With a 9.87 quarter-mile, excellent handling, and jaw-dropping looks, even the Busa’s name raised a few eyebrows. In Japanese, a Hayabusa is a bird of prey that feeds on blackbirds. 

In Japanese, a Hayabusa is a bird of prey that feeds on blackbirds

Yamaha

Yamaha broke their teeth on 2-stroke sport bikes, and their success on the track is legendary. Phil Read gave the factory their first world championship. The tradition was carried on by Giacomo Agostini, Kenny Roberts, Wayne Rainey, and Valentino Rossi.

The factory has always had a reputation for innovative engineering solutions and class-defining bikes.  In 1984, Yamaha started the whole middleweight sport bike class with the XJ600.

The XJ was the first to feature monoshock suspension and three-disc brakes.  One year later, Yamaha pushed the sport bike envelope with the FZ750.

This bike defined Yamaha as a valid sport bike manufacturer with the FZ heralding the start of the legendary, rev-hungry, 5-valve Genesis engines.

Two years later and the mighty FZR1000 hit the streets. Interestingly, the launch was held up by Yamaha’s test riders. They insisted the bike’s handling should be more street and less track-focused.

The gamble paid off and the FZR1000 became Cycle World’s Bike of the Decade.

Occasionally, a motorcycle comes along that turns the bike world upside down. For Yamaha, enter the 1998 R1.

Thanks to Yamaha’s innovative engineering skills, designing a stacked gearbox for the R1 was a game-changer. The result was a compact engine that allowed for a shortened wheelbase while still retaining a long swing-arm.

The R1 caught the opposition off guard and it ruled the liter-class sport bike world. For the next three years, the supply of the R1’s only just met demand.  The all-new 165mph R6 achieved much the same success in the middleweight sector, with both R6 and R1 models also being the first to offer fuel injection.

The opposition finally caught up and passed Yamaha’s superbike flagship. However, in 2009 when the engine received the cross-plane crank, lifted straight from their MotoGP winning R1’s, Yamaha once more nosed ahead.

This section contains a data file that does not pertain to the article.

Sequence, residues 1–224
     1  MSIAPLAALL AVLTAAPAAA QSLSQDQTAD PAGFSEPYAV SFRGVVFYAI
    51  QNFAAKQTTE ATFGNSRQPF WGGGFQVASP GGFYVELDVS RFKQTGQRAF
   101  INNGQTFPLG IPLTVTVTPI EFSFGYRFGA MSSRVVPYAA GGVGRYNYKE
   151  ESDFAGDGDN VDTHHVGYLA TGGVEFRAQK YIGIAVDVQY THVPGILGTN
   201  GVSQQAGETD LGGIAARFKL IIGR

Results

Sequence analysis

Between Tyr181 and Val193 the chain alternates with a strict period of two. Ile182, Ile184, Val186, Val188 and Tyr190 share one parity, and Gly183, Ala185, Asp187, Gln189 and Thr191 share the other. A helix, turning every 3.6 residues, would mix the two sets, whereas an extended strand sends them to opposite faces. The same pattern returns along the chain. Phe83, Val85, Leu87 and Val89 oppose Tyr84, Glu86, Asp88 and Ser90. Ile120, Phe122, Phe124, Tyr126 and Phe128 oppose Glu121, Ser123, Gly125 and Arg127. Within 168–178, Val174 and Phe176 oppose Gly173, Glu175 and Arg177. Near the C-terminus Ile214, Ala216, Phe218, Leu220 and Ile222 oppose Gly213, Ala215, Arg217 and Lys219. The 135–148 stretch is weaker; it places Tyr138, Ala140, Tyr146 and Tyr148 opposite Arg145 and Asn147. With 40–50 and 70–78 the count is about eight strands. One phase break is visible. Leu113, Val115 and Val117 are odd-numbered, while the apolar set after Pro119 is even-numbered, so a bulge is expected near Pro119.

Ducati

Thanks to the Desmo-engined SS 750 and 900 models, Ducati has always been the epitome of pure sport motorcycling at its best. Big, heavy, and challenging, the rumbling V-twins offered a riding experience at the opposite end of the spectrum to the well-mannered Japanese alternatives.

Ducati sport bikes were an acquired taste until 1994 saw the launch of the 916. Often called the most beautiful motorcycle ever built, Ducati could have sold its entire first-year production run to American buyers before they even left the factory.

Often called the most beautiful motorcycle ever built, Ducati could have sold its entire first-year production run to American buyers before they even left the factory

The bright red 916 wasn’t just a runaway success on the street, either. Thanks to Carl Fogarty and Troy Corser, Ducati notched up 34 race wins and four World Superbike Championships in rapid succession.

Today, Ducati’s range of V-twins and V4s offers some of the most advanced electronic rider aids on the market. Their original belief in powerful engines in lightweight chassis still gives them that unique Italian flair. 

BMW

BMW may have made its reputation on big ponderous twins. However, when they eventually threw their hat into the multi-cylinder sport bike ring, the motorcycle world was in for a shock.

Launched in 2009 to compete in the World Superbike Championships, the S1000RR enjoyed such good feedback, BMW decided to let it loose on the road a year later.

It arrived in the showroom at a price point right between the more expensive R1 and slightly cheaper GSX-R1000. Unfortunately for Yam and Suzuki, it blew them and everyone else, right out of the water.

The S1000RR was faster, more refined, packed a class-leading 190bhp, and featured ABS, dynamic traction control, and four riding modes as standard. It was enough to blow the other 1-liter sport bikes into the weeds, and with its superior braking and electronics package, could go from mild to wild at the push of a of a button.

 Aprilia

This Italian manufacturer may have slipped under your radar, but when it comes to sport bikes, they are a real dark horse. Having a reputation for small-bore scooters, Aprilia shocked the motorcycling world with the launch of the RSV Mille in 1998.

The 1000cc, V-twin superbike had Ducati in their sights, and the 170mph Mille was good enough to give their fellow Italian’s some sleepless nights. Aprilia pushed the envelope further with the launch of the Tuono.